Which of the Five Money Personality Types Are You?

I’ve long been familiar with the concept of figuring out whether I’m a spender or a saver. However, it has always seemed to me that few of us fit easily into one of those two categories. As result, I was intrigued by the assertion by Bethany and Scott Palmer (“The Money Couple“) that there are actually five money personalities. On top of that, the couple insists that every person has a primary personality and a secondary personality. I liked this viewpoint as it adds a little more subtlety to the whole “what kind of money person am I” exploration.

What I discovered, upon careful thought, is that my primary money personality is that of “spender.” My secondary money personality is “security seeker.” I enjoy spending money on things that are important me, and I like looking for gifts for others. However, at the same time, security is important to me, and I engage in long-term financial planning. I have an emergency fund, a retirement account, a 529 for my son, and we do not exceed our monthly household income. I like to spend, but I do it within well-defined limits so that I have a measure of financial security.

Photo by TFDuesing via Flickr

The Five Money Personalities

The Palmers describe the five money personalities in their book First Comes Love, Then Comes Money. These five personalities are:

  1. Saver: Penny pincher. I am definitely not this. I look for good prices, and I like to feel like I’m getting good value for my money, but I don’t go out of my way to pinch pennies. I’d rather look for additional income than slash my spending. Savers take pride in saving rather than spending, and love to see how far they can whittle their expenses.
  2. Spender: This is me! Spenders like to use their money to enjoy themselves, and they also enjoy giving gifts to others. The Money Couple points out that even though it is tempting to consider “spenders” as being in the wrong, they aren’t. This was a big comfort to me, and the spender personality isn’t an issue if you aren’t always spending beyond your means.
  3. Security Seeker: My secondary personality. A security seeker likes to play it safe. Before making a decision, a security seeker wants to make sure it’s the right move. Planning ahead is important so that the security seeker knows that everything will turn out in the end.
  4. Risk Taker: Even if it means losing everything, a risk taker is ready to go. Risk takers are willing to go out on a financial limb on occasion believing that a big pay off is worth taking a chance. Many investors and entrepreneurs are risk takers.
  5. Flyer: This is the money personality that most intrigued me, mainly because I’m pretty sure this is my husband’s secondary personality. (Like me, he is primarily a spender.) A flyer isn’t very interested in money matters and financial planning. He or she doesn’t think much about money, and doesn’t want to be bothered with creating financial plans.

Understanding your relationship with money is important so that you can examine your own habits. Additionally, it is a good idea to understand your partner’s money personality so that you get an idea of how to work together on finances. Since my husband and I like to spend, it’s up to my secondary personality (security seeker) to make sure that everything else is taken care of as well. My husband (flyer), who almost never thinks about money unless he wants to spend it on something, leaves the planning, tracking, and budgeting to me. Attempts to interest him in these items have proved fruitless, but at least he now calls to find out where we are at before making a big purchase, and if he wants to do something that requires planning, he tells me, and I create a plan.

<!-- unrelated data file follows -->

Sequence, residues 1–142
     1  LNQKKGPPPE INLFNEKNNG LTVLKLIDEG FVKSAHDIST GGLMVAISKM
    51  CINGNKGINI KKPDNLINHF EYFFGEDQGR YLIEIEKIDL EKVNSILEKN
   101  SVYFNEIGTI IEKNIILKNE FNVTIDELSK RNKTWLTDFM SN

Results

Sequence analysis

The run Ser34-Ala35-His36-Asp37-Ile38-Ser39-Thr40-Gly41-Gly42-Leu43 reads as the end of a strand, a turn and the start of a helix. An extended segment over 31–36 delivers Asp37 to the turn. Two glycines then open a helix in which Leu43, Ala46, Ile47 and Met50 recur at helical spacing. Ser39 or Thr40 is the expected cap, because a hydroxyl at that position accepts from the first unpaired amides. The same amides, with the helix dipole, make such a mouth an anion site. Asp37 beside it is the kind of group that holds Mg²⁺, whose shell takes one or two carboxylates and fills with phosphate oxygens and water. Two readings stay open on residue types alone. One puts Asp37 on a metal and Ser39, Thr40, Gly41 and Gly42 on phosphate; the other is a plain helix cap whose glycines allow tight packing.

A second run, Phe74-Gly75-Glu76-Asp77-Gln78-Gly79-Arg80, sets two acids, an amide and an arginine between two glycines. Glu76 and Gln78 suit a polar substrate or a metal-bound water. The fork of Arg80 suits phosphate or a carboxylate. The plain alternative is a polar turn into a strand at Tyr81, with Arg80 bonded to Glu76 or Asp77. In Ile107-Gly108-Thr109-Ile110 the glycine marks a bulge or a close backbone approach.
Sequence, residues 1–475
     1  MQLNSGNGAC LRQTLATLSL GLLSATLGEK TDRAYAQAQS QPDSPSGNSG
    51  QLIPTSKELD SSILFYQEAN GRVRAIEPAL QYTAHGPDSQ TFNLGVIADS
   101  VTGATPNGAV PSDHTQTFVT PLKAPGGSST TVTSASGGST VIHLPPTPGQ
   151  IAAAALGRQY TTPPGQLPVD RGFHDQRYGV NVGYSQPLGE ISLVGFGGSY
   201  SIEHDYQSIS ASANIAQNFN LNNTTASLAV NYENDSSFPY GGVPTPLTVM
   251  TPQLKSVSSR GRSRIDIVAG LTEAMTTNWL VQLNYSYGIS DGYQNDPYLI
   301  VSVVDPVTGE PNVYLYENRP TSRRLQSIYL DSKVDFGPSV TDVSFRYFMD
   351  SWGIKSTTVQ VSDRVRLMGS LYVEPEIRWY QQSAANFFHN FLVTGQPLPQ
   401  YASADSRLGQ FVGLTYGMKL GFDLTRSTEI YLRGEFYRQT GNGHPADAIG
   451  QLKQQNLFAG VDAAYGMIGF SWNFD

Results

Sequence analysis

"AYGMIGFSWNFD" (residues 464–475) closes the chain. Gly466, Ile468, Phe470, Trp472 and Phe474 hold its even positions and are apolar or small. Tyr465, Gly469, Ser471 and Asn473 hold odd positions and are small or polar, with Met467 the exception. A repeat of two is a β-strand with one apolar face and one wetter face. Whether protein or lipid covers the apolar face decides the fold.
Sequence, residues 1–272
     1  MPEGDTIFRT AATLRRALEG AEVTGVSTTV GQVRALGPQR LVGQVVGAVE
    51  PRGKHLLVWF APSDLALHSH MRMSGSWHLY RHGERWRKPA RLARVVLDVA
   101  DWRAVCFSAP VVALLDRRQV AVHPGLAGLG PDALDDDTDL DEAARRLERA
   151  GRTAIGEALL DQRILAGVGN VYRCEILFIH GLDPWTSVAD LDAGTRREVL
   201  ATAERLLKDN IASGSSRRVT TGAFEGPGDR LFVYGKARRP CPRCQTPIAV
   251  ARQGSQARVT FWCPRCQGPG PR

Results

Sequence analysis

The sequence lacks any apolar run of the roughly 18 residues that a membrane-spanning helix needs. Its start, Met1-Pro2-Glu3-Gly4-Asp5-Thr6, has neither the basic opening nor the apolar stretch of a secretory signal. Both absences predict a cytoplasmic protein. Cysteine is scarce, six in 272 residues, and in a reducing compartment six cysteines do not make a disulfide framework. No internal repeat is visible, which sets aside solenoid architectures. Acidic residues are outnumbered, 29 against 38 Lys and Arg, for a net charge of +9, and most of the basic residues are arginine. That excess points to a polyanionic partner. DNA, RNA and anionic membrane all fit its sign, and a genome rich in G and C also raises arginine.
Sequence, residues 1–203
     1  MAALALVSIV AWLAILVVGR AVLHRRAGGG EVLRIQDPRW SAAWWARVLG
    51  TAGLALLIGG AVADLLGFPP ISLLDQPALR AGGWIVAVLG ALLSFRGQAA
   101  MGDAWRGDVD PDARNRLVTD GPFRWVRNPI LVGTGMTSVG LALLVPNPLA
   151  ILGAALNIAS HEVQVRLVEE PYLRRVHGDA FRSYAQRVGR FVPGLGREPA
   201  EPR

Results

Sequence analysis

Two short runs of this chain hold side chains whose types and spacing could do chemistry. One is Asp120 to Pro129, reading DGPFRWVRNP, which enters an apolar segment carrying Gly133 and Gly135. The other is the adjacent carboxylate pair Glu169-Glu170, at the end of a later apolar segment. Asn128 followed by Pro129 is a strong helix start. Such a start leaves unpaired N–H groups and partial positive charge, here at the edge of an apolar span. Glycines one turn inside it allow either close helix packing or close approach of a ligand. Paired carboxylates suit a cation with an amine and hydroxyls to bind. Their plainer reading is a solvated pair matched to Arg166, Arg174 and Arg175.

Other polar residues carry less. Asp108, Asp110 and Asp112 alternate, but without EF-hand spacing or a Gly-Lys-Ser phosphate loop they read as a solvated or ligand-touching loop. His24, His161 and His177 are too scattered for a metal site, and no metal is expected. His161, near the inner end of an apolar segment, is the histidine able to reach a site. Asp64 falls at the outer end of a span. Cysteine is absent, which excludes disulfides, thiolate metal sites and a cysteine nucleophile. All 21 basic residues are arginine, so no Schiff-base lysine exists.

What is your money personality? How do you make it work with your partner’s?

About the Author

By , on May 27, 2011
Miranda Marquit
Miranda is a professional personal finance journalist. She is a contributor for several personal finance web sites. Her work has been mentioned in and linked to from, USA Today, The Huffington Post, The San Francisco Chronicle, The New York Times, The Wall Street Journal, and other publications. She also has her own personal finance blog: Planting Money Seeds.

Leave Your Comment (7 Comments)

  1. Kevin Mulligan says:

    @No Debt Plan: You sound like me. 🙂

  2. No Debt MBA says:

    I’m a saver and a security seeker. I have a big cash slush fund, well padded retirement accounts, and fairly conservative investments.

  3. Kevin Mulligan says:

    @Jen: Best of luck with your journey. Thanks for stopping by.

    @krantcents: Ah, but are you really taking a risk if you took the time to save up to start a business, put together a plan, and so on? 🙂

    @Shay: Yea, but when you consider not enough people go through marriage counseling… no wonder surprises like money differences pop up!

  4. Shay says:

    This article is fabulous. It’s funny that a lot of people don’t think to ask these questions of their partner before they get serious or get married. I’m a Security Seeker personality and I have to say, that having been engaged to a Flyer, knowing this information is key to creating a healthy relationship and getting a grip on your own personal finances.

  5. krantcents says:

    Fortunately, I see myself as a combination of saver and risk taker. I saved for years to start a business, make investments (income property) and achieve success.

  6. Jen says:

    I agree that it’s important to understand your relationship with money. This is a concept that never crossed my mind before.

    I was a spender and this was an issue for me because I was spending beyond my means (ended up in $34,000 debt). I’m now trying to be a combination of a saver and risk taker. It’s quite a journey 🙂

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